President Obama made himself right at home in the liberal stronghold of Boulder on Tuesday, and created quite a buzz in the process.
A pit stop for pizza at the infamous campus dive bar The Sink resulted in a viral snapshot of Obama with his hand around shocked CU Boulder student Madalyn Starkey.
There was also a brief dairy obsession in the national media after another CU student, Kolbi Zerbest, was instructed by Secret Service agents to put down her cup of yogurt, which later was accidentally spilt on the president’s leg.
That’s not to say there was nothing of substance involved in the president’s visit to the Colorado college town. Obama primarily addressed the crowd on the subject of the Stafford federal student loan interest rates, and more generally, the need to “invest in education.”
More than 166,500 Colorado college students receive federally subsidized Stafford student loans, which currently have an interest rate of 3.4 percent.
Barring congressional action, that rate will double to 6.8 percent on July 1 this year, resulting in additional cost per-year of about $1,000 for each student.
Obama pointed out that when Congress first cut the rates five years ago, 77 House Republicans voted in favor of the legislation.
“Today, you’ve got Republicans who run Congress, and they’re not saying whether or not they’re going to stop your rates from doubling,” Obama said. “Some have hinted that they’d only do it if we cut things like aid for low-income students instead.”
But perhaps more noteworthy than the actual content of his speech was the reaction the president received from the crowd of roughly 11,000 at the Coors Event Center, the vast majority of them college aged.
The crowd symbolized a demographicthat many critics see as a crucial voting block Obama will need to re-energize if he plans to win reelection in the fall. Many have questioned the president’s ability to carry the age group as successfully as he did in the 2008 election.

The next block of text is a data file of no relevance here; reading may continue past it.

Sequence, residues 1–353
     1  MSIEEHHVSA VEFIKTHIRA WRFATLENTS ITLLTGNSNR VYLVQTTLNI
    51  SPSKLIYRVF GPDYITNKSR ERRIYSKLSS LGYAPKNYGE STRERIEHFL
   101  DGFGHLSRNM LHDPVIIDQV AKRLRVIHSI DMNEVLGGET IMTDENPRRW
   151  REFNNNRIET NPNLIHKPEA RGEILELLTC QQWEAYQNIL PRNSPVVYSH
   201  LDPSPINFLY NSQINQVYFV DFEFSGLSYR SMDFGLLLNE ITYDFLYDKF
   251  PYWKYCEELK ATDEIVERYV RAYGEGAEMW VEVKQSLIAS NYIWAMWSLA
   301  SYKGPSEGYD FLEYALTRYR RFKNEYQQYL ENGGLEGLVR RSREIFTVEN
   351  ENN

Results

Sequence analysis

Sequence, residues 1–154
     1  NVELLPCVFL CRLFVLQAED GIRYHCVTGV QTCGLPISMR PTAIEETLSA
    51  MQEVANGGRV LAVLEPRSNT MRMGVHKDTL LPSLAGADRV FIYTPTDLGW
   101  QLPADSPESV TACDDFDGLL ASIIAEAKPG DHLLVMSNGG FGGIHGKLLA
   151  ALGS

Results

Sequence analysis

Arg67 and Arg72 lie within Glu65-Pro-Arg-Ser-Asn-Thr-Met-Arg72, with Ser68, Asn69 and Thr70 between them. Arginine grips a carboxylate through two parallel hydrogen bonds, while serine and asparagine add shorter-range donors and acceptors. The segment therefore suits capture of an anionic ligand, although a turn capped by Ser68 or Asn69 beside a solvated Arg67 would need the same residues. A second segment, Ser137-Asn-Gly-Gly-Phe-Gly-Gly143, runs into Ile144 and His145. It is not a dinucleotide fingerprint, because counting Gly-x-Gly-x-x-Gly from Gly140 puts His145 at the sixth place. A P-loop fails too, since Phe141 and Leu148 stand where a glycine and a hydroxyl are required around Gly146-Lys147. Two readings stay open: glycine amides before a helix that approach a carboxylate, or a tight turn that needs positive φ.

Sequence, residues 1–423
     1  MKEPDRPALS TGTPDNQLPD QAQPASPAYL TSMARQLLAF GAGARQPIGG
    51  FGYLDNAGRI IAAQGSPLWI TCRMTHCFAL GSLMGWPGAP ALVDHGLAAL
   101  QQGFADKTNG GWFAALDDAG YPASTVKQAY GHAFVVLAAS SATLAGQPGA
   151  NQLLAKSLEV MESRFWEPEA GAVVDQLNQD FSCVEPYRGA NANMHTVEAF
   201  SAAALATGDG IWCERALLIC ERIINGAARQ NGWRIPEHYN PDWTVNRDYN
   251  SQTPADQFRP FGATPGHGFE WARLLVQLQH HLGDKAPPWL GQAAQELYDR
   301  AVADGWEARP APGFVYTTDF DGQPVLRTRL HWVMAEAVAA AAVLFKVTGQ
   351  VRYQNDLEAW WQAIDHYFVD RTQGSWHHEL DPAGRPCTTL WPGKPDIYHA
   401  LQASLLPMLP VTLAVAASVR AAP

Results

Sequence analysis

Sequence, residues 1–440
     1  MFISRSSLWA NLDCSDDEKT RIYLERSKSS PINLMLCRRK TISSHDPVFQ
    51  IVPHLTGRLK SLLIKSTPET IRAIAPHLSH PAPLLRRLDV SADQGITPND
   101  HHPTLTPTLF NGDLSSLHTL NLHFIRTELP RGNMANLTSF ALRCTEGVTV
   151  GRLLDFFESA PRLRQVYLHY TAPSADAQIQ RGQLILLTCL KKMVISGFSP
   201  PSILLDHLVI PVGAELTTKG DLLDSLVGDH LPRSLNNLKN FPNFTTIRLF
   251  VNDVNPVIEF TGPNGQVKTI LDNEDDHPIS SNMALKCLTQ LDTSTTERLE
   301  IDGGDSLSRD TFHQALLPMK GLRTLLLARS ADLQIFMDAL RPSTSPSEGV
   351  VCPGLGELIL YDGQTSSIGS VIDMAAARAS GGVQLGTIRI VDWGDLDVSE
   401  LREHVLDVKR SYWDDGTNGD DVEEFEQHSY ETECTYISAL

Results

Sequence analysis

Nonetheless, students packed into the arena, which was buzzing a good two hours before the president took the stage there. Spontaneous chants of “Obama” and “four more years” erupted sporadically, and the crowd routinely did “the wave.”
Students were reported to have been lining up outside the arena as early as 5 a.m. in anticipation of the president’s 7 p.m. speech.
At one point, an audience member exclaimed, “We believe in you!” The crowd cheered in response, and Obama continued without missing a beat, telling the crowd, “I believe in you, I believe in you.”
Obama relatedto the students in the event center by telling him he and First Lady Michelle Obama had only just stopped paying off their student loans eight years ago.
“Think about that,” Obama said to laughter and applause. “I’m the President of the United States, and we were writing those checks every month.”
The majority of the speech was positive in tone and the president rarely alluded to likely Republican nominee Mitt Romney, except at one palpable moment when Obama told the crowd, “We can’t simply cut our way to prosperity.”
Obama also made reference to the latest Paul Ryan budget proposal, which allowed the Stafford interest loan rates to reset back to their original unsubsidized rate of 6.8 percent.
Hitting on the populist theme that Obama has channeled in the last few months, the president told the crowd, “[Republicans] say that, well, we’ve got to do it because we’ve got to bring down the deficit. Now, first of all, these are the guys that ran up the deficit.”
“These are the same folks who voted in favor of two wars without paying for it, and big tax cuts without paying for it,” Obama said. “They voted to keep billions of dollars in taxpayer subsidies to big oil companies who are raking in record profits.”
The president continued along that theme, rebutting Republican attacks that he is for punishing wealth and success. “In America, we admire success,” he said. “We aspire to it.”
The president added, “America is not just about a few people doing well. America is about everybody having the chance to do well. That’s what the American Dream is all about.”
The last visit to Boulder by a sitting president occurred 58 years ago when President Dwight D. Eisenhower spoke to a crowd roughly the same size.
Obama had visited the University of North Carolina to deliver a similar speech earlier in the day on Tuesday, and spent the night in Denver before flying out on Wednesday to deliver a speech at the University of Iowa.